• The use of glucose sensors in the medical field is widespread. The regular monitoring of blood glucose levels of diabetic patients at home as well as the use of glucose monitoring in intensive care units are two primary examples. The usual aim in developing a glucose sensor is to produce a digital electronic signal, which is proportional to the glucose concentration.
  • Most conventional electrochemical glucose sensors (glucose-oxidase or GOx based) employ a linear calibration method whereby sensor accuracy will degrade as glucose levels move further from an in vivo update point.
  • For example, a glucose oxidase (GOx) sensor output relative to the surrounding glucose can expressed as a straight line:

  • S=m*glucose+b(1)   (1)
  • or equivalently

  • Glucose=(S−b)/m(2),   (2)
  • where
    S=sensor output,
    m=sensor sensitivity, and
    b=sensor bias
  • An in vivo calibration update, where a known plasma glucose value is used to correct the calibration equation, can be used to correct the estimate of either m or b. GOx sensors are typically updated by changing the slope term m.
  • Algebraically, a single pair of sensor outputs and glucose values can only be used to change one parameter at a time in equation (2). It is also possible to use a priori information to generate a correction for both terms. The a priori information would contain known relationships between m and b using algorithms such as a Bayesian approach, Kalman filters, or the like.
  • In either case, a change to the parameters of a linear equation does not change the shape of the resulting line, only its intercept and/or its slope. Because the calibration equation is a straight line, the magnitude of sensor errors increases as the distance from the calibration point increases. If, for example, the GOx sensor is calibrated in the normal glucose range, errors will tend to be larger in the hypoglycemic and hyperglycemic ranges.
  • Accordingly, there exists a need to improve upon the increased sensor error caused by the use of a single linear calibration equation as the distance from the calibration point increases.
  • Additionally, there is a need for a system and method for improving glucose sensor accuracy by utilizing a curvilinear calibration equation that takes advantage of a multiplicity of parameters so that accuracy can be optimized in all glucose regions, instead of only in the glucose region near the calibration point.
  • Moreover, there is a need for a system and method for improving glucose sensor accuracy by utilizing several calibration methods whereby the changing shape of a calibration curve allows the distribution of sensor error to be changed because the relationship between the error and the glucose levels is no longer necessarily fixed.
  • Furthermore, there is also a need for a system and method for improving glucose sensor accuracy by utilizing several calibration methods and selecting the most accurate method depending on a consensus glucose concentration estimate.
  • SUMMARY OF THE INVENTION
  • An object of the present invention is to substantially address the above and other concerns, and provide a system and method for improving glucose sensor accuracy by utilizing multiple calibration methods and selecting the most accurate method depending on a consensus glucose concentration estimate.
  • Another object of embodiments of the present invention is to provide improved glucose sensor accuracy by performing at least one in vivo update of surrounding glucose to acquire glucose values; calculating multiple updated calibration estimates using the updated glucose values; calculating an initial consensus glucose estimate from sensor output using each updated calibration estimate; applying a smooth crossover function to the multiple calibration estimates based on the value of the initial consensus glucose estimate; and adding weights to the multiple calibration estimates to acquire a consensus glucose estimate.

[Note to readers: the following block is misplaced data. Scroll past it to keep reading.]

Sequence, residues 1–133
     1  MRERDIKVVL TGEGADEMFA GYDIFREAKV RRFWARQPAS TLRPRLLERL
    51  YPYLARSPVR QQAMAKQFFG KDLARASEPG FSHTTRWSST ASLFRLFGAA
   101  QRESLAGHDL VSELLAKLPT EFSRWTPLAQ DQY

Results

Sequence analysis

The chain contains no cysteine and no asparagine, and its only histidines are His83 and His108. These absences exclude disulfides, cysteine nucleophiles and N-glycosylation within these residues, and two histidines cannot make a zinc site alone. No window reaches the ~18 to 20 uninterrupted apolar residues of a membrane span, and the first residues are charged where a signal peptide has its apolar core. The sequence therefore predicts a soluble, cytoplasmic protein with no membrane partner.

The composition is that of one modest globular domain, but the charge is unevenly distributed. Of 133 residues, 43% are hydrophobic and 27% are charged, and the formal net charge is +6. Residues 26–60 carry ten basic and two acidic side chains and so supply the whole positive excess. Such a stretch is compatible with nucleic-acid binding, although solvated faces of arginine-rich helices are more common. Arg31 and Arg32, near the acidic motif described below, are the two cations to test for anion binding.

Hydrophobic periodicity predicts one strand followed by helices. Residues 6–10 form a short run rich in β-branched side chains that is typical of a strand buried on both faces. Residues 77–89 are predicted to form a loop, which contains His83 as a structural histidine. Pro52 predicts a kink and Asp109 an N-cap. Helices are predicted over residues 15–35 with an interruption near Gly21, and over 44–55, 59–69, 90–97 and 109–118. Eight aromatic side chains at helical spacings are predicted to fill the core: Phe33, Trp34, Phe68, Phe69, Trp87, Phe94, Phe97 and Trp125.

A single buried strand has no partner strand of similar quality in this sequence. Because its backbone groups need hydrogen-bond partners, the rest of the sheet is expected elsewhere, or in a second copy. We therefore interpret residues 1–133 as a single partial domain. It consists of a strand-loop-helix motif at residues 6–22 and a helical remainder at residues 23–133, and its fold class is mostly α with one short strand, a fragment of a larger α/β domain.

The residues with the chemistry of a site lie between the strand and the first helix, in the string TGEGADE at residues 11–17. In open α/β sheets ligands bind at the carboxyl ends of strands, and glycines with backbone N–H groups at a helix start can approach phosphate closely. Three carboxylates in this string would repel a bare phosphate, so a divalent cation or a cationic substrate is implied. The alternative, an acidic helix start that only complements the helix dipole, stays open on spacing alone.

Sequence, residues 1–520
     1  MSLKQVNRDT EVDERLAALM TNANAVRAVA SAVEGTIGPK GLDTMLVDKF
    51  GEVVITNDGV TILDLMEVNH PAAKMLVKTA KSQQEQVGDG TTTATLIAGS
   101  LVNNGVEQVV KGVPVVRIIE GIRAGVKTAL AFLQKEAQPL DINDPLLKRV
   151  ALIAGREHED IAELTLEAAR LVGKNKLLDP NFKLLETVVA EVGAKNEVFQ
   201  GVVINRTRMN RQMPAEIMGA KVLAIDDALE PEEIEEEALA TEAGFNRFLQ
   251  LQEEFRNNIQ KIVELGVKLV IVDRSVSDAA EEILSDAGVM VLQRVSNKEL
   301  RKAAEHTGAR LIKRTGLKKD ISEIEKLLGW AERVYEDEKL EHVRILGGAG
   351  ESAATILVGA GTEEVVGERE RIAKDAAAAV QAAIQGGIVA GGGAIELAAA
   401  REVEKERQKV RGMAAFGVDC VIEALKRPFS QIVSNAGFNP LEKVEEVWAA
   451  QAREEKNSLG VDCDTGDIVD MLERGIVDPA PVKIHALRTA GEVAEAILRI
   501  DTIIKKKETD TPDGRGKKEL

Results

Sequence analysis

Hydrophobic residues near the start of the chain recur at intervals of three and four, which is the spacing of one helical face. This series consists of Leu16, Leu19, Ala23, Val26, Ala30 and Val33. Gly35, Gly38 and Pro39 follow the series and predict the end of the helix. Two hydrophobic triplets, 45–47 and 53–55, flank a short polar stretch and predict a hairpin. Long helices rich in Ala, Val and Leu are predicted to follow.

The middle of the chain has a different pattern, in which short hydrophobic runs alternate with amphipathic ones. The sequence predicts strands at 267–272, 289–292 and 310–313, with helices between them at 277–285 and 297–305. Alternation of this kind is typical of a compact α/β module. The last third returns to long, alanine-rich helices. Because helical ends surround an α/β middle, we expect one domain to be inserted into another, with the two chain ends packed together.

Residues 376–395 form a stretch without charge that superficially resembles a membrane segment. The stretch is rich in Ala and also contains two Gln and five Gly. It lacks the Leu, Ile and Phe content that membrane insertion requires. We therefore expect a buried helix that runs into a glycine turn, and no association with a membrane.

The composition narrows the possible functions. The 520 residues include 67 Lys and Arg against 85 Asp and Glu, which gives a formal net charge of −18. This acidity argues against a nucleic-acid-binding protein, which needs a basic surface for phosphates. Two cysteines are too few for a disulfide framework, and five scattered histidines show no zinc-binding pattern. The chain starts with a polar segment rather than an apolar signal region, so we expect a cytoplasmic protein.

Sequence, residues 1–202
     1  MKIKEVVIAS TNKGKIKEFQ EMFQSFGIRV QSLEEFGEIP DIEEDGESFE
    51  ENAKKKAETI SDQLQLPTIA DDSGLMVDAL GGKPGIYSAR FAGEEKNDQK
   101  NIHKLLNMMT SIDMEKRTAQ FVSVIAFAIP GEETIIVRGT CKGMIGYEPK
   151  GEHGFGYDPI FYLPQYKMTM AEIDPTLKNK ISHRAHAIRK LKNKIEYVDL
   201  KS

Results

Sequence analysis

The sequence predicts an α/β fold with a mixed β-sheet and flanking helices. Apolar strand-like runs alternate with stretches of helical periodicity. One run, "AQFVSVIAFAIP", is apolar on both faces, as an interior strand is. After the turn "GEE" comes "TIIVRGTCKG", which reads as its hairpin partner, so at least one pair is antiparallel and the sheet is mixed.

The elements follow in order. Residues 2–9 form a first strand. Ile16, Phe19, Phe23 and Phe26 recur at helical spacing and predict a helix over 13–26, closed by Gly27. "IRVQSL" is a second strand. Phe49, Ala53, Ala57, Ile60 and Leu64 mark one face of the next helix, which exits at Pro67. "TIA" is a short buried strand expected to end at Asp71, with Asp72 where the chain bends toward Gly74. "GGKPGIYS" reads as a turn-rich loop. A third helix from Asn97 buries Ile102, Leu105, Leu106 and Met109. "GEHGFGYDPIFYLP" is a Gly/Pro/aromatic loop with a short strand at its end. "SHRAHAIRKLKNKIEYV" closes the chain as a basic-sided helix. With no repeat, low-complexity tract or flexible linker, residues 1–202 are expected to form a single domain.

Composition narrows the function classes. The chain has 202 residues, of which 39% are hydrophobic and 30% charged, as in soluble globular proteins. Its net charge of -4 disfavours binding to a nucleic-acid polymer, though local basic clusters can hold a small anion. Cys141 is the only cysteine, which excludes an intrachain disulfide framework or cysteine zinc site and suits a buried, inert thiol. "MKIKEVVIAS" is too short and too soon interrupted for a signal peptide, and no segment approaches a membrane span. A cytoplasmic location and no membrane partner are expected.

• BRIEF DESCRIPTION OF THE DRAWING FIGURES
  • The various objects, advantages and novel features of the exemplary embodiments of the present invention will be more readily appreciated from the following detailed description when read in conjunction with the appended drawings, in which:
  • FIG. 1 depicts an illustrative embodiment of the basic components of a glucose sensor calibration system of the present invention;
  • FIG. 2 depicts a flow chart of an illustrative method of the present invention for improving glucose sensor accuracy by utilizing several calibration methods;
  • FIG. 3 depicts an illustrative example of sensor glucose estimates using three different calibration methods of embodiments of the present invention;
  • FIG. 4 depicts an illustrative example of a consensus glucose concentration estimate of embodiments of the present invention;
  • FIG. 5 depicts an illustrative example of a sharp jump in an output of an initial consensus glucose concentration estimate;
  • FIG. 6 depicts an illustrative example of the crossover weighting function of embodiments of the present invention; and
  • FIG. 7 depicts an illustrative example of a smooth transition between different calibration methods after applying the crossover weighting function of embodiments of the present invention.
  • Throughout the drawing figures, like reference numbers will be understood to refer to like elements, features and structures.
  • DETAILED DESCRIPTION OF EXEMPLARY EMBODIMENTS
  • The matters defined in the description are provided to assist in a comprehensive understanding of the embodiments of the invention and are merely exemplary. Accordingly, those of ordinary skill in the art will recognize that various changes and modifications of the embodiments described herein can be made without departing from the scope and spirit of the invention. Also, descriptions of well-known functions and constructions are omitted for clarity and conciseness.